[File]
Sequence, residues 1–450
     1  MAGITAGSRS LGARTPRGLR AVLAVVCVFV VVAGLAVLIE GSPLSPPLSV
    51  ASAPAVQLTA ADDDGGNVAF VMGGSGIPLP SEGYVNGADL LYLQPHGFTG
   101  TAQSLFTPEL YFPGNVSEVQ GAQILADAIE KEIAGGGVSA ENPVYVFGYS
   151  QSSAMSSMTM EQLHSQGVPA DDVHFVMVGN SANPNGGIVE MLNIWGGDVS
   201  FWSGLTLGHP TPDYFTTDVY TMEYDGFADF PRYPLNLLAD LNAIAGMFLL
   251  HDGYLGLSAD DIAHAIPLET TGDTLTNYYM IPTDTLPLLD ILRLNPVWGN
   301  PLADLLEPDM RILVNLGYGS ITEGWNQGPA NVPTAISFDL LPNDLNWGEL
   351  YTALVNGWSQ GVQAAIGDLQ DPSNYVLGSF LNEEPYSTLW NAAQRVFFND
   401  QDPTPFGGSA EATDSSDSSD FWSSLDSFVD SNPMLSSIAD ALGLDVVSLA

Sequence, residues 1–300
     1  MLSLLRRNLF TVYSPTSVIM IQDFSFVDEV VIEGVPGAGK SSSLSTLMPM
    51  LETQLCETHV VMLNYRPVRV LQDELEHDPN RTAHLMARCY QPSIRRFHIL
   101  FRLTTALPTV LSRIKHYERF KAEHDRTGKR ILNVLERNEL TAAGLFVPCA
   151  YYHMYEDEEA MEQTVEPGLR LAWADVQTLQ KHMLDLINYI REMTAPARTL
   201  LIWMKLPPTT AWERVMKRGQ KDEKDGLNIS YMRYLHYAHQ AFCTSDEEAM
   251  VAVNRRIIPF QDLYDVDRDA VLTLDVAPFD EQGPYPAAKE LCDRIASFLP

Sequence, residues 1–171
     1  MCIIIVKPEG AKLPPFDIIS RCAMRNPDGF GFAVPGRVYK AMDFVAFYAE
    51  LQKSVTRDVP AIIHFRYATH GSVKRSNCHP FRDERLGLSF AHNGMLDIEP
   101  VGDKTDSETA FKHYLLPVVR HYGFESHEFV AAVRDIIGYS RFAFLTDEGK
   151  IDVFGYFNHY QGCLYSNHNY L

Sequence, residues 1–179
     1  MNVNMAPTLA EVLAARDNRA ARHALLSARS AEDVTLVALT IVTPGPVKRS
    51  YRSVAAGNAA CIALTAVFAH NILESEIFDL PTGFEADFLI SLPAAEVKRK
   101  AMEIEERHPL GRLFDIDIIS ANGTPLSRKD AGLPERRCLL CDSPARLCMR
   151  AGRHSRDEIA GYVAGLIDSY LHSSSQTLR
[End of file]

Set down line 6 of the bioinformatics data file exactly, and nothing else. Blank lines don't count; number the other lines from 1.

   201  FWSGLTLGHP TPDYFTTDVY TMEYDGFADF PRYPLNLLAD LNAIAGMFLL